Since 2007, the annual Global Wellness Summit has been bringing together the key trendsetters, decision makers and thought leaders of the US$4.2 trillion wellness industry. If you’re a business owner looking to find an edge in the industry, the GWS is the place to be.
Held on 15–17 October this year at the Grand Hyatt Singapore, the Global Wellness Summit invited experts to speak and learn about the timeliest issues in health and wellness. Themed under ‘shaping the business of wellness,’ the comprehensive agenda spanned keynotes and panel discussions (as well as yoga breakfasts and spa breaks) all centring around the growing trends in spas, travel, medical health, technology, design and wellness at the workplace, offering invaluable insights for companies looking to focus their wellness lens.
Highlight topics this year included the role of stress, anti-cancer strategies, the growing popularity of CBD oil, beauty trends worldwide, and even the notion of dying well — finding the best way to make a graceful exit from the world after a life well lived.
So, what’s new in the world of wellness? We spoke to Mia Kyricos, Hyatt Hotels Corporation’s senior vice president, Global Head of Wellbeing, who was on a panel to discuss what it means to have a ‘well hotel’. As we learned, wellness trends from the hospitality industry are affecting businesses and in turn, the way we live, travel and work.
Kyricos has had a wealth of experience in both the spa and workplace wellness worlds: She spent eight years at Starwood Hotels and Resorts, helping to launch their spa brands. She opened the very first two Exhale Spas in New York City, which pioneered pairing fitness with spa wellness. She then worked at workplace wellness firm Core Performance (“I got to see firsthand what companies like Google and Intel and others wanted for their own colleagues”).
Seven years ago, she started her own hospitality advisory firm, Kyricos & Associates, before joining Hyatt last August. Here, she helped launch Hyatt’s new Wellbeing Ideation Lab — a think tank that invites the hotel’s stakeholders to the table to chat about ways to improve the guest experience.
The changing demand for wellness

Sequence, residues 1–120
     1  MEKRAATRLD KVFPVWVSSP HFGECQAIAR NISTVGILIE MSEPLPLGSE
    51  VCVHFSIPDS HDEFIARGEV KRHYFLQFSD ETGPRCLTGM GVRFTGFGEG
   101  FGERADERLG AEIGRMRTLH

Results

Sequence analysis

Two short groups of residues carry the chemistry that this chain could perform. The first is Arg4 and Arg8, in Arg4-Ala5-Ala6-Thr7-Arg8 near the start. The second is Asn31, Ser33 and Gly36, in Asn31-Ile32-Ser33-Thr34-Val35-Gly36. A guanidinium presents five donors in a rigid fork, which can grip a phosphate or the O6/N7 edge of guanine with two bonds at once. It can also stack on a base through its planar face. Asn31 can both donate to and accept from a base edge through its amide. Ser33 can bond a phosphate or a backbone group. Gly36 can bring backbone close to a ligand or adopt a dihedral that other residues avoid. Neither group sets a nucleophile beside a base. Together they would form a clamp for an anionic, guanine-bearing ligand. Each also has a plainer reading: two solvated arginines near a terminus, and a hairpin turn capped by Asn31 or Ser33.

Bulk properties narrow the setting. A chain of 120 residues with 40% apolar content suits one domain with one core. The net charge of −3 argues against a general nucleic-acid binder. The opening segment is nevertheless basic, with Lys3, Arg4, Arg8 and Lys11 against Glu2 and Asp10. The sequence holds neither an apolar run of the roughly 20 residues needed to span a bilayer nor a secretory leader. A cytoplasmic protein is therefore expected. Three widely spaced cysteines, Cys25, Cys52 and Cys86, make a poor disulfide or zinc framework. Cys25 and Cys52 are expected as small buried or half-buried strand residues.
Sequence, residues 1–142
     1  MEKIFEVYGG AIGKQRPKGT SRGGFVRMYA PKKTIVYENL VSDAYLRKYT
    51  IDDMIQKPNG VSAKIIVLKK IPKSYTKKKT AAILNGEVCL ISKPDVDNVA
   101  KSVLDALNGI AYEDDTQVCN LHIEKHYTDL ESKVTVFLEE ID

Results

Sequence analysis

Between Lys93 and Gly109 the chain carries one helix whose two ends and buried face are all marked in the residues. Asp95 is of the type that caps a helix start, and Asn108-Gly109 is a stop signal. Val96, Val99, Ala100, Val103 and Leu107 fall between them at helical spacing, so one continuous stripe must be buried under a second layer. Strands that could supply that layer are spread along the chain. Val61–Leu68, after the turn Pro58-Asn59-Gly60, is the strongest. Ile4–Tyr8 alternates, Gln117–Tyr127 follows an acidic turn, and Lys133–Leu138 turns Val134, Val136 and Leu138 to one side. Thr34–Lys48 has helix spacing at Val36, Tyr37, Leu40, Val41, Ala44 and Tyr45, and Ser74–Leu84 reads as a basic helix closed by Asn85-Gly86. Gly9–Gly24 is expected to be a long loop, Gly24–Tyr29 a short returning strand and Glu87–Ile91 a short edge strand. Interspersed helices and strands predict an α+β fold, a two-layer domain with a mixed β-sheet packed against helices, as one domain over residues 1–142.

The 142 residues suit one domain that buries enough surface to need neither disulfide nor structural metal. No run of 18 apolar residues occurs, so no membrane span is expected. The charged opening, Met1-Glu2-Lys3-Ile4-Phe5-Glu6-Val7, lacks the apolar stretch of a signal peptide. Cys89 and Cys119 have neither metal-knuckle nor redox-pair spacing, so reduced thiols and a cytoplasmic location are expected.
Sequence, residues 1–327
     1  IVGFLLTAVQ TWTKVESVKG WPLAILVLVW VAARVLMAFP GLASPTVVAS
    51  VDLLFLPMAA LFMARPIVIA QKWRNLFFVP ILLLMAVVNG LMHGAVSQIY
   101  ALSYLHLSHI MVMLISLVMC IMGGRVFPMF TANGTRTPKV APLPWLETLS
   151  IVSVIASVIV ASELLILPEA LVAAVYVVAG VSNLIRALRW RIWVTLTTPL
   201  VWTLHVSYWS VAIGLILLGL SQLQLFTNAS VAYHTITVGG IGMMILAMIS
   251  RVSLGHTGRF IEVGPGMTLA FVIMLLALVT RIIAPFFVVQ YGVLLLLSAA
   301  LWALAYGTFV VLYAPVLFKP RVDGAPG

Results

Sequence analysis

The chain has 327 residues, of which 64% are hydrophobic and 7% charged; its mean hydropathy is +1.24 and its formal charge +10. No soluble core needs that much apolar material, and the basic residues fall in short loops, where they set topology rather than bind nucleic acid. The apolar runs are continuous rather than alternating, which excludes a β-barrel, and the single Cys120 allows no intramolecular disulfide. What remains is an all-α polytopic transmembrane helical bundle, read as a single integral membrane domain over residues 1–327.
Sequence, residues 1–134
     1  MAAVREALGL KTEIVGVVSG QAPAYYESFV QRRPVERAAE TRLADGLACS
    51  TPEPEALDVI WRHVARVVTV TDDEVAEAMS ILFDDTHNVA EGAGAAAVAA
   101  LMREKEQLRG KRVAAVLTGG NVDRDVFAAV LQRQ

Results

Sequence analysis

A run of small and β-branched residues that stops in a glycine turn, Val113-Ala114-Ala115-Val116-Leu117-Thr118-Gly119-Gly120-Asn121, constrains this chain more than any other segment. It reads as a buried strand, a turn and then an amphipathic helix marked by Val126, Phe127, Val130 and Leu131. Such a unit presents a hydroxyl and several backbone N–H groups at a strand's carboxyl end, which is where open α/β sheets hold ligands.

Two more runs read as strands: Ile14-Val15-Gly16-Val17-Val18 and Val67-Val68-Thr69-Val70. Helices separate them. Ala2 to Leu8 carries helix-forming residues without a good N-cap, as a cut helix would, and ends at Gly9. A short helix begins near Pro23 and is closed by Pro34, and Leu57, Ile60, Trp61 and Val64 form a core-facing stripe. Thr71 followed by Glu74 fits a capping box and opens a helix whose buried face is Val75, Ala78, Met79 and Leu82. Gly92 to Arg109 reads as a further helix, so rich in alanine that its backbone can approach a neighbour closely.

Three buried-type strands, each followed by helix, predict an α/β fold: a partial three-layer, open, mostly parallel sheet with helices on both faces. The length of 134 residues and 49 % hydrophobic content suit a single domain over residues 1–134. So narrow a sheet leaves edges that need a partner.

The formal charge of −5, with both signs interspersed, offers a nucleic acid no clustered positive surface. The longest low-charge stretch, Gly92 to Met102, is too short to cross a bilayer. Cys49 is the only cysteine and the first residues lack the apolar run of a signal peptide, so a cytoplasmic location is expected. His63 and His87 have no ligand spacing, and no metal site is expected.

“I like to tell this story because I think it sort of shows how travel has changed,” Kyricos shares. “As a little girl, I would sit on my dad’s bed and I would watch him get ready for a business trip. He’d have his bag and he would take his freshly pressed pants from the dry cleaner, his shoes that had just been polished, his business socks and maybe a white starched shirt. He would take his briefcase and his business documents.”
“Now, he sits on my bed and watches me pack. I take my refillable water bottle, I take my sneakers, I take my yoga gear, I think about the supplementation I’m going to take. And then I’m like, ‘Oh, what am I supposed to wear to that meeting?’ It’s the end thought. The nature of travel has changed right across the board.”
To a hypochondriac’s delight, there’s a lot more information about what’s impacting our health and wellness that didn’t exist before, particularly when it comes to mental and emotional health. We can’t hide from the pervasive cloud of stress that’s hurting our physical health. Quality sleep is widely touted as a measure of wellbeing. More and more millennials are suffering from burnout. “We’re all trying to maintain it in some way, somehow, much more so than we did before,” Kyricos says.
With increasingly nomadic working styles, travel is becoming more ubiquitous. Wellness, then, just becomes a consequence of everyday life — a basic need. “People are trying to eat well, sleep well. They’re trying to manage their stress, they’re trying to connect with people that they care about. And in the meantime they’re trying to maintain their healthy habits on the road, and they get frustrated when travel gets in the way of that.”
With more demanding consumers, the idea of a luxury holiday has gone beyond the trifecta of spa, gym and pool. “Wellness is more about psychographics now, not demographics — it spans all generations,” Kyricos says. “I definitely don’t think wellness is a luxury proposition anymore in hospitality. It started there, but consumers have driven it to mainstream and people are seeking wellness at all levels of hospitality, when they travel and also when they’re home.”